I was not really a fan of Windows 10, let alone Microsoft decided to ditch the most important feature I liked in Windows 7 - Aero. In fact, I’d admit that in most cases I use Windows as an entertainment system rather than a working platform.
Don’t get me wrong, Windows is great, both in terms of the quality of the software and the design/usability of the system by itself. It’s also particularly great of you are a .NET developer, a webmaster using IIS, or a game developer heavily using DirectX. However, it’s just cumbersome to use it as a daily OSS platform, namely there lacks the general ecosystem and the tools are just different. Yes you can install node, java, maven, gradle, and you can probably use powershell to write shell scripts, but at the end of the day, the overall configuration just feels different and since most people don’t use Windows for work on a day-to-day basis, it just takes too much time and effort to learn a set of rules with different flavor, just to get the environment set up.
However, things have changed.
The release of WSL (Windows Subsystem on Linux) in Windows 10 was like silent bomb. It wasn’t really marketed to general public, but it implies the fundamental change of attitude from Microsoft towards OSS community.
WSL is not a virtual machine. In fact there’s no real linux kernel running. Instead, there is a layer in between that translates linux system calls to something that windows kernel can handle. Technically, this is seriously phenomenal, as there’s certain things that there’s no direct equivalent in Windows.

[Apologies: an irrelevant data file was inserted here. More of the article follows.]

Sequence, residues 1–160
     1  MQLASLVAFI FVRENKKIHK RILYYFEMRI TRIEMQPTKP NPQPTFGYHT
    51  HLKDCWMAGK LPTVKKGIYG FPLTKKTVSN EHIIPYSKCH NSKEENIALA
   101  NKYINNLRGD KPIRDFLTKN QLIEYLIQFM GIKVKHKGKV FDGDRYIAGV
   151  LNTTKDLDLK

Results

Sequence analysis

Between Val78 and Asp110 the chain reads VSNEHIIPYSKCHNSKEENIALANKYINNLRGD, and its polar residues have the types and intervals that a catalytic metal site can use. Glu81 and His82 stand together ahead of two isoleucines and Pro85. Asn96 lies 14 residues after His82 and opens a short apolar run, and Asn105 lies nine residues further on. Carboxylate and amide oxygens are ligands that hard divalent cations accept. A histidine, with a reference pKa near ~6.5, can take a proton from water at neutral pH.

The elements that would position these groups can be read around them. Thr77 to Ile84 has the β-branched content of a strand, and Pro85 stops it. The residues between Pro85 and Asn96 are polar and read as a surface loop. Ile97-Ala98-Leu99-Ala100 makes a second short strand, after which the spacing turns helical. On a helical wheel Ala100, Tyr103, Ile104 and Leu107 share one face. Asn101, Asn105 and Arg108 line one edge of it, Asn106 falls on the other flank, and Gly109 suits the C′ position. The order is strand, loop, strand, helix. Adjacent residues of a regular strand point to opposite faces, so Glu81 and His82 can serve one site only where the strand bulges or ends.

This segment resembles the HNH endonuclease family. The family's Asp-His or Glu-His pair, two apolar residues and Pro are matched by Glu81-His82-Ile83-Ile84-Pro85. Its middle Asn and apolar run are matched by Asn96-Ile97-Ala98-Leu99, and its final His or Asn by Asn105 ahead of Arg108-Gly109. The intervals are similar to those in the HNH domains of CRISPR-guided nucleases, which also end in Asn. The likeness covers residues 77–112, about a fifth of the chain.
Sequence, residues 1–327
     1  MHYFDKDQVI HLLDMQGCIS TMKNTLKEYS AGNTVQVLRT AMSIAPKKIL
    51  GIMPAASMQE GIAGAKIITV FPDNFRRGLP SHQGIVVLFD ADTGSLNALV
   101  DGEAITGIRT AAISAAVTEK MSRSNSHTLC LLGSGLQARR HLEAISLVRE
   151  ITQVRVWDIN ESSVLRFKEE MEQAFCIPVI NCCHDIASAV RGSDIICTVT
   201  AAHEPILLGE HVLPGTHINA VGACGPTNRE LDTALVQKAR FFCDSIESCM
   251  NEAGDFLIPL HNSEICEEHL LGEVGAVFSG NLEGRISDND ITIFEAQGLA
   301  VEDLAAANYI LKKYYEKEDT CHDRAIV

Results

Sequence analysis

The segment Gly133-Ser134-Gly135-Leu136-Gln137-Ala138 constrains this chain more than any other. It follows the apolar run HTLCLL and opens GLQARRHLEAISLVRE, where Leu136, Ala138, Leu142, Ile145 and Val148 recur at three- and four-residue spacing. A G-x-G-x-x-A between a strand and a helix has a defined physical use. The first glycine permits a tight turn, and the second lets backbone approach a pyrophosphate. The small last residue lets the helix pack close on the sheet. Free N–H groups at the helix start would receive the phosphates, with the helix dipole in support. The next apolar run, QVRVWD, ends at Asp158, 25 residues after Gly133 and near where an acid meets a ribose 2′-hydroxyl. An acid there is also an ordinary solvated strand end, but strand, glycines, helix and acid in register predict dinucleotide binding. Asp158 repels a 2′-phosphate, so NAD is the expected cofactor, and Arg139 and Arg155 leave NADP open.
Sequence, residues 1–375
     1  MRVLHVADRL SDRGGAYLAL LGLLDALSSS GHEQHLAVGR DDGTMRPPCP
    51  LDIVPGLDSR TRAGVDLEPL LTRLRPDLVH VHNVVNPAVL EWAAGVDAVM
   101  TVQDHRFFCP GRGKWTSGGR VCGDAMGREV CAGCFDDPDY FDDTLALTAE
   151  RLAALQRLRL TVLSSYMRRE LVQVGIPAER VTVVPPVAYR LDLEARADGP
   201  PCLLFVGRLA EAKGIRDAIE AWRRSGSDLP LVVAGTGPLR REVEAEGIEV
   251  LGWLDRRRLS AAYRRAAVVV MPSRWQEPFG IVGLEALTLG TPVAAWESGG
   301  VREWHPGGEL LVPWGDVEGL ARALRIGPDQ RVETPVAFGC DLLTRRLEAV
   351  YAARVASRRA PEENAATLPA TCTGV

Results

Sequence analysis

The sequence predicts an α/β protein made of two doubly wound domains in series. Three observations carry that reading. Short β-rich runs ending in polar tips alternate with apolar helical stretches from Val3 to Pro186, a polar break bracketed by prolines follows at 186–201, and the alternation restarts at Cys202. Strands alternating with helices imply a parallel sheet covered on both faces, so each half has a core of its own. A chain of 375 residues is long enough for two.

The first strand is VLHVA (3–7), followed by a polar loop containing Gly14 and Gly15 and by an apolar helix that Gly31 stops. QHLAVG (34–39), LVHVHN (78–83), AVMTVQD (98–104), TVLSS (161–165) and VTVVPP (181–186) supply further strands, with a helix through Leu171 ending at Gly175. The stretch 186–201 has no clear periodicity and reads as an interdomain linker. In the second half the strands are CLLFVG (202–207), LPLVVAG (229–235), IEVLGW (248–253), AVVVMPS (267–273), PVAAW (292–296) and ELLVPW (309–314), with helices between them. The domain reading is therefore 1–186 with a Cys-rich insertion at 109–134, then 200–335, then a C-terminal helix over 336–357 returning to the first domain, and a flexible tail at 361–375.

Quoted from MSDN blog
The Linux fork syscall has no documented equivalent for Windows. When a fork syscall is made on WSL, lxss.sys does some of the initial work to prepare for copying the process. It then calls internal NT APIs to create the process with the correct semantics and create a thread in the process with an identical register context. Finally, it does some additional work to complete copying the process and resumes the new process so it can begin executing.
And another one regarding WSL file system:
The Windows Subsystem for Linux must translate various Linux file system operations into NT kernel operations. WSL must provide a place where Linux system files can exist with all the functionality required for that including Linux permissions, symbolic links and other special files such as FIFOs; it must provide access to the Windows volumes on your system; and it must provide special file systems such as ProcFs.
And now it even supports interop
after the Fall Creators update. This means if you type in
it would literally open notepad for you. Not very exciting but beyond that you could
copy stuff to clipboard
Awesome, but what’s our original topic?
Ok, to use WSL, you’d need to enable it first.
// Make sure you are using Windows 10 :)
If you are running windows earlier than 1709, the setup would be like this:
- Press Windows key. Type in “Turn windows features on or off” and click on the option that shows up.
Turn on WSL